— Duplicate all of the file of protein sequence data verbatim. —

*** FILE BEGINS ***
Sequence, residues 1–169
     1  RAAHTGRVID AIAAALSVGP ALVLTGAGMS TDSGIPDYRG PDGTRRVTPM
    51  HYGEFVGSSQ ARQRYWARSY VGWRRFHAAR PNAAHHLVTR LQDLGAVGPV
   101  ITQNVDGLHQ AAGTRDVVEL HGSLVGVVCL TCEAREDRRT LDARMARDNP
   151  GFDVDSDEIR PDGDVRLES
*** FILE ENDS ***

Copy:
Sequence, residues 1–169
     1  RAAHTGRVID AIAAALSVGP ALVLTGAGMS TDSGIPDYRG PDGTRRVTPM
    51  HYGEFVGSSQ ARQRYWARSY VGWRRFHAAR PNAAHHLVTR LQDLGAVGPV
   101  ITQNVDGLHQ AAGTRDVVEL HGSLVGVVCL TCEAREDRRT LDARMARDNP
   151  GFDVDSDEIR PDGDVRLES